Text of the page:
Sochi 2014
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From Inside the Games

The International Olympic Committee (IOC) has postponed a decision on Russia’s participation at next month’s Olympic Games in Rio de Janeiro until the end of the week, but is exploring legal options over a possible total ban.

The World Anti-Doping Agency (WADA) said yesterday that Russia should be banned from all international competitions, including Rio 2016, until they achieved a “culture change”.

This followed the release of Richard McLaren’s Independent Commission report here into alleged state-sponsored doping during the Sochi 2014 Winter Olympics, as well as in competitions in summer sports.

The report showed the Sports Ministry “directed, controlled and oversaw” a “unique” method of sample manipulation at Sochi 2014, involving a sample-swapping method where they were able to open and reseal tamper-proof bottles.

Thirty sports are alleged to have been implicated in the swapping of samples to conceal positive tests, including summer ones not normally linked with doping like sailing, taekwondo and table tennis, as well as Paralympic sports.

With regard to Russia’s participation at Rio 2016, the IOC said it “will carefully evaluate” the McLaren Report following an emergency Executive Board meeting held today.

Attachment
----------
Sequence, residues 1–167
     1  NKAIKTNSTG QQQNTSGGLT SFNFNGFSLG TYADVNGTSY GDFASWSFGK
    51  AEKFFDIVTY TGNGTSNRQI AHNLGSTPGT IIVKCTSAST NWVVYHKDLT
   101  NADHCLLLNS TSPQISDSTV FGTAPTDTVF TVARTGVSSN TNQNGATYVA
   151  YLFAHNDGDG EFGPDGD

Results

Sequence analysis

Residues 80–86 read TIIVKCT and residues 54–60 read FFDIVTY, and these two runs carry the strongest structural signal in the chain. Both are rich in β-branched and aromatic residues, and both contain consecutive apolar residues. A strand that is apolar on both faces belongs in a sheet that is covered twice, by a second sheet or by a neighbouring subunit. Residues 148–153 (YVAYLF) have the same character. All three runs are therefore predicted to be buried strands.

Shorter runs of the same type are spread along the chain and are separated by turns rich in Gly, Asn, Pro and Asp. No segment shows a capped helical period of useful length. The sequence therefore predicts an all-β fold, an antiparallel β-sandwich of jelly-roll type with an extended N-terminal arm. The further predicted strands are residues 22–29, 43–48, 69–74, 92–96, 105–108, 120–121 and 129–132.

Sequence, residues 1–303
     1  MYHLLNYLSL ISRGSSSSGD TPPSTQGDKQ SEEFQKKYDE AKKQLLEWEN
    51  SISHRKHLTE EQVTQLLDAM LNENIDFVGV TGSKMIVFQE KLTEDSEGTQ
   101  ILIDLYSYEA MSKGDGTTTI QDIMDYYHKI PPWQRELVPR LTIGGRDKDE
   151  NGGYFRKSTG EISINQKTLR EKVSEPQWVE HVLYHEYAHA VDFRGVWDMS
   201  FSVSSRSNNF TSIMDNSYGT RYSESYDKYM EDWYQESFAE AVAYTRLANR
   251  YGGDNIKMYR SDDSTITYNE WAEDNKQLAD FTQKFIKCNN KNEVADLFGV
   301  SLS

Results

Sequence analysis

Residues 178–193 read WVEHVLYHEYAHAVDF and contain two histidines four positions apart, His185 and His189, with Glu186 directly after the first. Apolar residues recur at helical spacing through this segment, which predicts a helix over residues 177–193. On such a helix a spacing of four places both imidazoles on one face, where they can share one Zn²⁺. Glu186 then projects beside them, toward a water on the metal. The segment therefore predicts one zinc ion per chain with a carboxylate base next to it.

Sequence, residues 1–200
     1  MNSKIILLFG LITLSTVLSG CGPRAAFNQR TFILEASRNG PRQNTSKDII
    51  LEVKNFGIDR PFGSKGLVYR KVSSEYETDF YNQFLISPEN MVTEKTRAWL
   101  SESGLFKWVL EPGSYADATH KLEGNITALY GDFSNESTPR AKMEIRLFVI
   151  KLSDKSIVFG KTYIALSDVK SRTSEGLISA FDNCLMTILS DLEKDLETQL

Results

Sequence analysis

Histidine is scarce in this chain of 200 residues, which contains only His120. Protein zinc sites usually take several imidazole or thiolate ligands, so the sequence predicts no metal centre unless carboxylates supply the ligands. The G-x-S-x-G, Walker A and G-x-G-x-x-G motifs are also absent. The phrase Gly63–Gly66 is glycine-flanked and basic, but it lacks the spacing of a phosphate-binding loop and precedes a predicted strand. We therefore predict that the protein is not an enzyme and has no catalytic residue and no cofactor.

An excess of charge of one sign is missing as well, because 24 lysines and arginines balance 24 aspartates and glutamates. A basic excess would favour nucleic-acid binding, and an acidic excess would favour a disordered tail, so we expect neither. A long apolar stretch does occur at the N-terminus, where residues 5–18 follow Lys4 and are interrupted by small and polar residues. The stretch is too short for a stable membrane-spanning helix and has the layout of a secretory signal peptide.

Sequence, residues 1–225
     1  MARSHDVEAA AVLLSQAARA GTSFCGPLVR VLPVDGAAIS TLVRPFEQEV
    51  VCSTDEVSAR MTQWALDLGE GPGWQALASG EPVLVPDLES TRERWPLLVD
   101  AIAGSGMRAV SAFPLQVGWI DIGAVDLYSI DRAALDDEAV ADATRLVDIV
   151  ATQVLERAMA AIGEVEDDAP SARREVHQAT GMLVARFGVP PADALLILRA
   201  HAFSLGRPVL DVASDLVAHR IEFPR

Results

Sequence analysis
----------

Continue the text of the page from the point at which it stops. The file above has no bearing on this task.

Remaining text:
WADA President Sir Craig Reedie, an IOC member, was told by IOC President Thomas Bach to excuse himself from the meeting due to a “conflict of interest”.

Russia has already been banned by the International Association of Athletics Federations (IAAF) due to doping exposed last year.

An appeal on this will be heard today at the Lausanne-based Court of Arbitration for Sport (CAS) with a verdict set to be reached by Thursday (July 21).

“The IOC will explore the legal options with regard to a collective ban of all Russian athletes for the Olympic Games 2016 versus the right to individual justice,” an IOC statement said.

“In this respect, the IOC will have to take the CAS decision on July 21, 2016 concerning the IAAF rules into consideration, as well as the World Anti-Doping Code and the Olympic Charter.”

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